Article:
A picture’s worth 1,000 words; 41% of a picture follows!

A long & wordy alternative to the usual short & snappy press release:

It’s been a year since the first Type-IN was held in Philadelphia at Bridgewater’s Pub, within 30th Street Station.  This ad hoc event had several parts–—a typing speed competition with chintzy prizes; a typewritten letter/mailing session; and the swapping/selling of typewriters. About a dozen people attended. So did a squad of reporters attracted by the atavistic clacking of one-off printing presses. They wrote of the old typewriter’s newfound charm, versus the tide of fluorescent plastic now decreed to be the proper way to read and write. A number of stories ensued; even the New York Times took notice.

Since that first dinky event, Type-INs have been held in a dozen cities in the US [and a couple in Switzerland].

Neotyping was already underway elsewhere—via the Internet “Typosphere”, of course. Fewer writing machines are being slaughtered to make jewelry from their keys, instead being treasured by hipsters, which can’t be all bad.

The components of a Type-IN are hardly set in stone; it must include functioning manual typewriters and paper.  Beyond that, the only limitations are what can be accomplished with a manual keyboard, conversation, and perhaps a beer.  For that reason, many Type-INs have been staged in pubs.

It is my opinion that using an acoustic guitar affects what music is being played; same with a manual typewriter.  Hand typing materializes writing that appears permanent and polished, yet fallible. You are suddenly holding an actual artifact that can be immediately examined, mailed, filed, given away or crumpled in a ball and arced into a trash basket.

Typewritten pages can be read by anyone—but not by everyone at once. They can’t be directly scanned for commercial, political or criminal gain. They can be scanned and shared as a hybrid of hand and web.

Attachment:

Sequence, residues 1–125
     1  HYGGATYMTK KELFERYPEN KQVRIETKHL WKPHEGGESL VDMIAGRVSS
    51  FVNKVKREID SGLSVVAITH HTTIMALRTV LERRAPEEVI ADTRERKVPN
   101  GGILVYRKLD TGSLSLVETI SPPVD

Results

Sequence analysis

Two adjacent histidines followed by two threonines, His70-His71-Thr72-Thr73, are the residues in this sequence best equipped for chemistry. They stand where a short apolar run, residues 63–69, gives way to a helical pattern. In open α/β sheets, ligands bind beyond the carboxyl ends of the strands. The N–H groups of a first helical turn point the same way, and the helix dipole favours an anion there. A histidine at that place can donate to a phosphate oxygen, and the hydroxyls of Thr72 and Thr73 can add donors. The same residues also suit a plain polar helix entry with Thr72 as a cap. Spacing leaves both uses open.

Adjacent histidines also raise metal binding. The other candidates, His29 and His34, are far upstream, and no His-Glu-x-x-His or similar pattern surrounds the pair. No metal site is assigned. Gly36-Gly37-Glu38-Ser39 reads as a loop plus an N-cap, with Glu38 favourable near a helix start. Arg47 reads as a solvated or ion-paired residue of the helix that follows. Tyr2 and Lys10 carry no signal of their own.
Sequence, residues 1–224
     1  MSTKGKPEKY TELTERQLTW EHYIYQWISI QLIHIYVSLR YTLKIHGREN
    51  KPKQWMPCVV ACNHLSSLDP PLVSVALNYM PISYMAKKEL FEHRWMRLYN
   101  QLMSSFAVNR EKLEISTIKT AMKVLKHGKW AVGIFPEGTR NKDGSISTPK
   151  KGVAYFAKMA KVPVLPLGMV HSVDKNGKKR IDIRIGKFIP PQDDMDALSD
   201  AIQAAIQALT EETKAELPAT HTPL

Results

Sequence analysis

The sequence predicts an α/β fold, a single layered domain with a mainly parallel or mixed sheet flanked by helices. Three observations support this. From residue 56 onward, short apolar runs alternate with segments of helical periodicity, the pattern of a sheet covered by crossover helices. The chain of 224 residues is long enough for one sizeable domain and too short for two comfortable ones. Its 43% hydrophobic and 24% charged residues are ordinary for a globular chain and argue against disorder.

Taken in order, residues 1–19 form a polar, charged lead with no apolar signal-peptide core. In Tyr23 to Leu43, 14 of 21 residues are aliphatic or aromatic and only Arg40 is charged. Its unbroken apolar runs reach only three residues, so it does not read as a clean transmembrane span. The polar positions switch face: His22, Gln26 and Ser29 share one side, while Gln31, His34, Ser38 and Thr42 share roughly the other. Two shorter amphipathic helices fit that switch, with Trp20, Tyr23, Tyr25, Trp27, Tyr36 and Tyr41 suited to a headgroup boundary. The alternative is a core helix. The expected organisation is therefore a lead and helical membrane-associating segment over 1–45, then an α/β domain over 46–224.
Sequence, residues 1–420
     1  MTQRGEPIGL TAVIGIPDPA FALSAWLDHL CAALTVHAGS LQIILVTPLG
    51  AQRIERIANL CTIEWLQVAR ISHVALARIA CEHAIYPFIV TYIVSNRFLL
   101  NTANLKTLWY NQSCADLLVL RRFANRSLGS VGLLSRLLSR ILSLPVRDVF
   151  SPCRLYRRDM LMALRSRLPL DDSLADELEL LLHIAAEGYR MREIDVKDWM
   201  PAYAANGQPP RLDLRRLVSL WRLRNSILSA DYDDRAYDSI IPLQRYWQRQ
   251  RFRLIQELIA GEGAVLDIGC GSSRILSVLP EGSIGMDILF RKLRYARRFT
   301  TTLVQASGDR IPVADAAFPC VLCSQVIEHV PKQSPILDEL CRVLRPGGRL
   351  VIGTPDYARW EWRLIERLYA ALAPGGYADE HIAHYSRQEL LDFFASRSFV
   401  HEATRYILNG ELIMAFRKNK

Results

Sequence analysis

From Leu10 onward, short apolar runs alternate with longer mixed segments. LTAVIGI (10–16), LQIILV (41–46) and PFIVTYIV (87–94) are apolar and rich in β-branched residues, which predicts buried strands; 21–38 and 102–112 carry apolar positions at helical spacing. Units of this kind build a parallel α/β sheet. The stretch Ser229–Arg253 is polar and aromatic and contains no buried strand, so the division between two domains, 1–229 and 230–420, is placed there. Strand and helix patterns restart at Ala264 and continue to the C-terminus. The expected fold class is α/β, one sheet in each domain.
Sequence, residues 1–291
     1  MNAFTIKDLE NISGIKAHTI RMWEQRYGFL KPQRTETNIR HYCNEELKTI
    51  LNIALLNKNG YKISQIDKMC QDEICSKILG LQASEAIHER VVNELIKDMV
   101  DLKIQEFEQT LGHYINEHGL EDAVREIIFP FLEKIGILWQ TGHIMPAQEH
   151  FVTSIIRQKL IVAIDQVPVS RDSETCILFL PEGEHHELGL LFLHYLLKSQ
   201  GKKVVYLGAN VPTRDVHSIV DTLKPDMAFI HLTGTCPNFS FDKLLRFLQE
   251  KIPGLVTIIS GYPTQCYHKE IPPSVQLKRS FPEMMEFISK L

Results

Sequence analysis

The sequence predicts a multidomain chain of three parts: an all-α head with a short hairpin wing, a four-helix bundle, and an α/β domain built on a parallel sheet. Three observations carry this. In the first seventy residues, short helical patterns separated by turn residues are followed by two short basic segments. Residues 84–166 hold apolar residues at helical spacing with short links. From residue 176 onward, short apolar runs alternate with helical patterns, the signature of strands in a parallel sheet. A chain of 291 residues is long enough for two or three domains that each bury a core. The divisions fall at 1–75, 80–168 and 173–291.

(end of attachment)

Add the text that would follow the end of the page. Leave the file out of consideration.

While various agencies may still open and read letters, the risk of this is small. There is the fact that high tech (even with so-called touch screens) is low touch. Our hands evolved to act with skill and force on the world we describe in words. Here are three words about manual typing: Privacy. Proficiency. Permanence.

For these and other reasons (such as having far too many typing machines), there will be a second (Son Of) Type-IN, in Philadelphia, on Sat., Dec. 10th from 1 p.m. to 4:30 p.m. at Bridgewater’s Pub–located in 30th Street Station, 30th & Market Streets.

Attendees can expect to encounter: a Typing Speed Competition (fastest woman and fastest man each will win a typewriter), a Holiday Letter Writer Session — with nice stationery and envelopes provided– a typewriter swap/sale, a Roller Call (we’ll explain it when you get there), and a bit more, all within the casual confines of a classic saloon/restaurant.



(all agesFREE with manual typewriter or stamped envelope

RSVP: phillytyper@gmail.com  info: http://www.phillytyper.com )

             — Michael McGettigan

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